On February 8, the Hong Kong government began enforcing a compulsory 14-day quarantine for anyone, regardless of nationality, arriving in Hong Kong who has visited mainland China within a 14-day period. This quarantine does not apply to individuals transiting Hong Kong International Airport and certain exempted groups such as flight crews. However, health screening measures are in place at all of Hong Kong’s borders and the Hong Kong authorities will quarantine individual travelers, including passengers transiting the Hong Kong International Airport, if the Hong Kong authorities determine the traveler to be a health risk. The Hong Kong government temporarily closed certain transportation links and border checkpoints connecting Hong Kong with mainland China and suspended ferry services from Macau.  On February 10, 2020 the Department of State allowed for the voluntary departure of non-emergency U.S. government employees and their family members due to COVID-19 and the impact to U.S. Consulate personnel as schools and some public facilities have been closed until further notice.


If you need assistance in China

  • U.S. citizens in Hubei Province, China who need emergency assistance can contact the U.S. Embassy at
  • To provide us with information about a U.S. citizen who is in Hubei Province, you may:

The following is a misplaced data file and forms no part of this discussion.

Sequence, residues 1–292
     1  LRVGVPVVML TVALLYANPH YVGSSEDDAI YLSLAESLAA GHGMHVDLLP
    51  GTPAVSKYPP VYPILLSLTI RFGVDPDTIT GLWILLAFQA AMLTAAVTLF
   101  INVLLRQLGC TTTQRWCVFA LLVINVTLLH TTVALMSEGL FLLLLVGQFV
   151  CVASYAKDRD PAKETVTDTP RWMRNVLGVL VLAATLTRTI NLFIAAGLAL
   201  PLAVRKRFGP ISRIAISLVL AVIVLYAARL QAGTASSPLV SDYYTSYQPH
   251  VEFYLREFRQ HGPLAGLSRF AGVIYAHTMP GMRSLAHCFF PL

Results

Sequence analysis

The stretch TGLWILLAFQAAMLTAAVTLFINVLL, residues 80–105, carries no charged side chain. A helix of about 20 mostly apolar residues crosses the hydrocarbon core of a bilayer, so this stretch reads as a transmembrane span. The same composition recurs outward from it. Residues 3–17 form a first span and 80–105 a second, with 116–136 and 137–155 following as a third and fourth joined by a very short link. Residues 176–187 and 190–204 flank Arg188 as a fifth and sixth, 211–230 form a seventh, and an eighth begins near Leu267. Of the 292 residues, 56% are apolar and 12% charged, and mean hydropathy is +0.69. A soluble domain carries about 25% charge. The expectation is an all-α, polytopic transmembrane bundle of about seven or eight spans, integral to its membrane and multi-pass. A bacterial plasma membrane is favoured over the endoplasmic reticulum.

• Contact the Department of State at‎.
    • Call 1-888-407-4747 toll-free in the United States and Canada or 1-202-501-4444 from other countries from 8:00 a.m. to 8:00 p.m. Eastern Standard Time, Monday through Friday (except U.S. federal holidays).


Other Helpful Information:

Here are helpful links to information about coronavirus, including important steps Hoosiers can take to prevent the spread of the disease:

·        Guidance on Prevention and Control

·        Guidance for Travelers

·        Guidance for Ships

·        Transmission

·        Information for Health Care Providers

·        Guidance for Emergency Medical Services (EMS) and 911 Public Safety Answering Points (PSAPs)  

·        Symptoms & Complications

·        Information for Laboratories

·        2019-nCoV Infection Control Guidance

·        Frequently Asked Questions and Answers

·         CDC Fact Sheets:

o   What You Need to KnowEnglishSimplified ChineseSpanish

o   What To Do If You Are SickEnglishSimplified ChineseSpanish  

o   What the Public Should Do, English

o   Stop the Spread of Germs, EnglishSimplified ChineseSpanish

More Resources Available to Hoosiers:

Go to Source

All Information was gathered from publicly available US Government releases. "§105. Subject matter of copyright: United States Government works Copyright protection under this title is not available for any work of the United States Government, but the United States Government is not precluded from receiving and holding copyrights transferred to it by assignment, bequest, or otherwise. ( Pub. L. 94–553, title I, §101, Oct. 19, 1976, 90 Stat. 2546 .)"